What a year it's been! Covid 19 has certainly put a damper on travel and photo opportunities this year, even closing down my beloved Chicago Botanic Garden for several months. I used the time to find subjects in my neighborhood and, I have to admit, those daily walks kept me centered through this difficult time. I hope all my readers were able to get out and do some photography, too. Out of Chicago came to the rescue in April with a wonderful online conference that brought 70 photographers and over 800 attendees together for a successful and uplifting learning experience. We are about to do it again and I'd like to share with you some details.
Please join nature photographer Sarah Marino and me as we pair up to teach a deep-dive into "Photographing Plants and Flowers in New, Creative Ways: An In-Depth Exploration" at Out of Chicago IN-DEPTH: A Live Online Photography Workshop Weekend, August 21-23, with image reviews on September 2 and 3. I am excited to teach this in-depth class with Sarah. She has been one of my photography heroes from way back. I admire her work and her skilled teaching. We have been working hard on this new presentation and can't wait to share it with others.
This is a brand new, interactive format from Out of Chicago with new, unique classes that have never been taught before, including 30+ advanced sessions from over 50 world-class photographers, some brand new to Out of Chicago. We'll have a variety of topics and genres, including landscape, nature, travel, street, architecture, post-processing and more. Two instructors lead each session and share with you their individual methods and practices on a favorite topic. Assignments will be given to get you out to shoot and return for two days of image reviews that highlight what you've learned. You'll be able to watch up to 5 sessions live throughout the workshop weekend, and then have access to all the presentations on video for up to a year after the conference. Please visit our website to see the amazing line-up of instructors and learn more details: www.outofchicago.com/in-depth. If you are interested in registering, please use my personal discount code to get $50 off: BELMONT.
Another exciting opportunity leading up to the conference:
Botanical Beauty: Case Studies on Creatively Photographing Plants and Flowers
Tuesday, August 11 - 6PM ET, 5 PM CT, 4PM MT and 3PM PT
Join Sarah Marino and me for a free webinar about creative approaches to photographing plants and flowers. Using in-depth case studies, Sarah and I will talk through these topics: the importance of connecting with your subject, deeply observing details, creating a compelling composition, working with different kinds of light, using a shallow depth of field, and processing to help realize your vision of a scene. This webinar is a free preview of the four-hour, in-depth class that Sarah and I will be teaching together on this topic for the upcoming Out of Chicago In-Depth online photography conference.
This webinar is a great opportunity to learn from two photographers, each with a different perspective and approach to photographing similar subjects. Due to limited space, you must register in advance if you would like to participate in the live webinar. By registering for this webinar, you consent to being added to our respective mailing lists (you can unsubscribe at any time and your email address will never be shared). The link to register for the webinar is here.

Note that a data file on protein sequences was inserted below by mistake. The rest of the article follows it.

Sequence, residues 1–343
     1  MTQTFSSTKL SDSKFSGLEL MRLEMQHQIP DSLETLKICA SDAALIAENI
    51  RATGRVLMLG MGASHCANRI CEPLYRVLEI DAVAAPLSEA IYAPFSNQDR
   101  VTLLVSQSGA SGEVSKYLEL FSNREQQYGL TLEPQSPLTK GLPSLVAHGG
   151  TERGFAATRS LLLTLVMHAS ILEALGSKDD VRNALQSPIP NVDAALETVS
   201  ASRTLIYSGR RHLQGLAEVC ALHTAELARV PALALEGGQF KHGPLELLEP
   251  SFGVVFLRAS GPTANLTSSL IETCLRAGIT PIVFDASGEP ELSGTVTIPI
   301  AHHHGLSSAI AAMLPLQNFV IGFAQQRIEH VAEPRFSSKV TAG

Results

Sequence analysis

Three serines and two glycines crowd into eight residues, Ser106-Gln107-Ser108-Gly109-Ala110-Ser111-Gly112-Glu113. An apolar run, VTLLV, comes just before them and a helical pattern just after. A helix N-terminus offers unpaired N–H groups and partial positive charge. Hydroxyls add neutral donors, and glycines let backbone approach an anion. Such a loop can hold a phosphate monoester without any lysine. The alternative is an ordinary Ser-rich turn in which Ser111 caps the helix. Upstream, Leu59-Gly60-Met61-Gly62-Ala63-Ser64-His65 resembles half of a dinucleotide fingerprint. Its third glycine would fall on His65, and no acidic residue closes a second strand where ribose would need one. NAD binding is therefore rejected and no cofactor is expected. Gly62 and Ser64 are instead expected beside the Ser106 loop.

I hope you'll join me for one or both of these events. Always feel free to reach out if you have questions. Lastly, if you ever need a discount code for Lensbaby products, I'm officially a Lensbaby Ambassador now. My affiliate link to Lensbaby is here. Use the discount code WBELMONT to receive 10% when you check out.
Stay well and keep learning and photographing! I hope to see you online in August!
Our Out of Chicago team has been busy putting together a very exciting event to help us all connect with others during this time of social isolation. Please join me at the Out of Chicago LIVE! Online Global Photography Conference taking place April 24-26, 2020. Without leaving home, immerse yourself in photography inspiration and learning with three days of live presentations and 100+ interactive sessions, including panel discussions, tutorials, individual photo challenges and group image reviews. Learn face to face from over 60 world-class professional photographers that love to teach. Watch what you can during the conference weekend but everything will be recorded so you will be able to watch for a year after the conference. The majority of profits for this event will go directly to the instructors who have lost workshop and teaching opportunities during this time. I'll be teaching about flower photography, creativity and, of course, Lensbaby! To register and for more information, visit our website at www.outofchicago/live. It's going to be an amazing event!
Happy almost spring! With the time change and a few days of warmer, sunshiny weather, it feels like spring is closer. I know here in Chicago we can get tricked into thinking spring is almost upon us, and then we get that unexpected snowstorm that throws us back into winter. I'm waiting patiently! Meanwhile, I have been busy photographing the beautiful orchid show at Chicago Botanic Garden, as well as the spring flower show at Garfield Park Conservatory. I hope to get to the spring flower show at Lincoln Park Conservatory sometime this week. This is how I stay excited about flower photography and continue my own development as a photographer while waiting for the blooms to begin outdoors.
Phalaenopsis Orchids photographed at Chicago Botanic Garden Orchid Show, Lensbaby Velvet 85mm